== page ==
Report on Taal (Philippines) — 26 January-1 February 2022
Smithsonian / US Geological Survey Weekly Volcanic Activity Report,
26 January-1 February 2022
Managing Editor: Sally Kuhn Sennert
Please cite this report as:
Global Volcanism Program, 2022. Report on Taal (Philippines). In: Sennert, S K (ed.), Weekly Volcanic Activity Report, 26 January-1 February 2022. Smithsonian Institution and US Geological Survey.
14.002°N, 120.993°E; summit elev. 311 m
All times are local (unless otherwise noted)
PHIVOLCS reported that unrest at Taal continued during 25-31 January, and low-level background tremor persisted. One volcanic earthquake was recorded during 25-28 January. Hot volcanic fluids were upwelling in the crater lake, and daily gas-and-steam plumes rose 1.5-2 km above the lake that drifted SW and NW. Sulfur dioxide emissions continued to be elevated, averaging 10,506-18,705 tonnes/day.
A series of nine phreatomagmatic bursts from the lake occurred between 1550 on 29 January and 0449 on 30 January. Each event was short-lived, only lasting between 10 seconds and two minutes, and recorded as trace signals in the seismic data but as distinct signals in the infrasound data. Each burst produced a steam-rich plume rising 400-900 m. Sulfur dioxide emissions averaged 4,829 tonnes per day on 30 January. Seismic data during 29-30 January consisted of 31 volcanic earthquakes and 14 tremor events with durations of 1-3 minutes, and during 30-31 January 13 volcanic earthquakes were recorded along with one tremor signal that lasted three minutes. Emissions rose as high as 1 km and drifted SW. The Volcano Alert Level remained at a 2 (on a scale of 0-5). PHIVOLCS reminded the public that the entire Taal Volcano Island is a Permanent Danger Zone (PDZ) and warned against extended stays on Taal Lake.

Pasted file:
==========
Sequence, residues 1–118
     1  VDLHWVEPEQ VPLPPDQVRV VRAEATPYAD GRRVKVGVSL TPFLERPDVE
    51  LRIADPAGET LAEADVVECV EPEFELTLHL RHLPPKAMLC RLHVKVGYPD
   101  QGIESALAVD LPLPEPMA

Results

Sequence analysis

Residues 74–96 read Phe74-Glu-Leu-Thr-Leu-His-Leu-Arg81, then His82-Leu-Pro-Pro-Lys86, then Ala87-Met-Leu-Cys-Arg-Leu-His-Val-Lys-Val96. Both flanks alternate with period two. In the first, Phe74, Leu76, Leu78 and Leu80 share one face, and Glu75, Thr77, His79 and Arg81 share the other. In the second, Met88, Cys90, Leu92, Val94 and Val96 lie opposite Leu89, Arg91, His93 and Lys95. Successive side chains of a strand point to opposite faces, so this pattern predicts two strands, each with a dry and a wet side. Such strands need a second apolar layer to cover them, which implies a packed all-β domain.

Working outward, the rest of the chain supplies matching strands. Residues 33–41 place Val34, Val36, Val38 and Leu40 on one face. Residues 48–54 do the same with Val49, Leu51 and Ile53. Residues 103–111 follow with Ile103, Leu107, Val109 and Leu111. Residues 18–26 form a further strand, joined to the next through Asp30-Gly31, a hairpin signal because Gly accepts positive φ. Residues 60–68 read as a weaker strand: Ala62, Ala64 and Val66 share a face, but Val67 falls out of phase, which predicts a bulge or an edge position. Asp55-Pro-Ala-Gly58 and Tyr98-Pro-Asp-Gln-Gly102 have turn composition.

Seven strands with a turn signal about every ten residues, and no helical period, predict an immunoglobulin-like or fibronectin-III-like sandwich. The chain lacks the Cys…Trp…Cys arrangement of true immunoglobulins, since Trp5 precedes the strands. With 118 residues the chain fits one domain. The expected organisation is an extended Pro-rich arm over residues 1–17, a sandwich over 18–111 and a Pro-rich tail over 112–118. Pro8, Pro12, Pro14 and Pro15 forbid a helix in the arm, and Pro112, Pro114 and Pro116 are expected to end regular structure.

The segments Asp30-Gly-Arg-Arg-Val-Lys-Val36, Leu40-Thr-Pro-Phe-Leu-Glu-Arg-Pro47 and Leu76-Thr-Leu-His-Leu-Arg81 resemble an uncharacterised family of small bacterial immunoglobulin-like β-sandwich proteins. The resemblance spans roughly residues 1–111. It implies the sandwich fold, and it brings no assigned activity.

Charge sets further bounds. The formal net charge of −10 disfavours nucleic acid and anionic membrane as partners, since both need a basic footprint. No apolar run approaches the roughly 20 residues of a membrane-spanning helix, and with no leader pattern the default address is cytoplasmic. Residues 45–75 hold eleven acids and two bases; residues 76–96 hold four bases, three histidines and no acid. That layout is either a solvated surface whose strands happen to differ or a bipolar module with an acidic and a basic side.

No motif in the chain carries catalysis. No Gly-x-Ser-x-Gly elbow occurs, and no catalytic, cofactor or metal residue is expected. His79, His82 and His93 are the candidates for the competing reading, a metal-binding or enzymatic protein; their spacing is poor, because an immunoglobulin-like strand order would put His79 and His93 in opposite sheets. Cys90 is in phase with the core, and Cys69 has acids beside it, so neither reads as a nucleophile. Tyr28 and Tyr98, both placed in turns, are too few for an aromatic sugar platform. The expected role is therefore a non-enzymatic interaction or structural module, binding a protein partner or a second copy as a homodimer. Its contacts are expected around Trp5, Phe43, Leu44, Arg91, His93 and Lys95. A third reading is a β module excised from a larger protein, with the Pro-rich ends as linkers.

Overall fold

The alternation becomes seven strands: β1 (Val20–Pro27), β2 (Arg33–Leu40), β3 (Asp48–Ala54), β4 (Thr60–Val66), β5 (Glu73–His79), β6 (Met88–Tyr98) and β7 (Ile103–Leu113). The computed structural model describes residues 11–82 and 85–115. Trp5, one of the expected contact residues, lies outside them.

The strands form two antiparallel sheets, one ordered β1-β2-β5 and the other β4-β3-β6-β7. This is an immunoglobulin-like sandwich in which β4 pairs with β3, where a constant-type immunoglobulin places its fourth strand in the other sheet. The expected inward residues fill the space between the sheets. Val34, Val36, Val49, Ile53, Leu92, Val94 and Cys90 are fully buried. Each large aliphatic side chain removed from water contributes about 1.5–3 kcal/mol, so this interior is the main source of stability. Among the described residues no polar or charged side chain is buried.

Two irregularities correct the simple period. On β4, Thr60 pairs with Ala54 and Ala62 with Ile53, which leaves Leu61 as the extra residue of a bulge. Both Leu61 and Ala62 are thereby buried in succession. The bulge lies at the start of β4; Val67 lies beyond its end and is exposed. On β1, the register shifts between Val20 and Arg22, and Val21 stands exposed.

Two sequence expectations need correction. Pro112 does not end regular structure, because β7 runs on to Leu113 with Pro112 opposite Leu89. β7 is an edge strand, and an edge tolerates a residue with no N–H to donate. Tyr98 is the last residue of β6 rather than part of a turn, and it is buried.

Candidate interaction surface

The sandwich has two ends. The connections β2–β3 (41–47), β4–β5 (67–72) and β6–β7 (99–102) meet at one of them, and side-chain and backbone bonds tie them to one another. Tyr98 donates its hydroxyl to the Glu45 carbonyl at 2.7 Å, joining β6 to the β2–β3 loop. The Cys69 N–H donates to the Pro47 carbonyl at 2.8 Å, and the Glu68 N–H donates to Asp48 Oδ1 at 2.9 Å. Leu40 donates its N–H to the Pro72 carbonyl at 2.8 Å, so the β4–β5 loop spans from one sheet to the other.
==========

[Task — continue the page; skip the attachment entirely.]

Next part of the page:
Geological Summary. Taal is one of the most active volcanoes in the Philippines and has produced some of its most powerful historical eruptions. Though not topographically prominent, its prehistorical eruptions have greatly changed the landscape of SW Luzon. The 15 x 20 km Talisay (Taal) caldera is largely filled by Lake Taal, whose 267 km2 surface lies only 3 m above sea level. The maximum depth of the lake is 160 m, and several eruptive centers lie submerged beneath the lake. The 5-km-wide Volcano Island in north-central Lake Taal is the location of all observed eruptions. The island is composed of coalescing small stratovolcanoes, tuff rings, and scoria cones. Powerful pyroclastic flows and surges have caused many fatalities.
Source: Philippine Institute of Volcanology and Seismology (PHIVOLCS)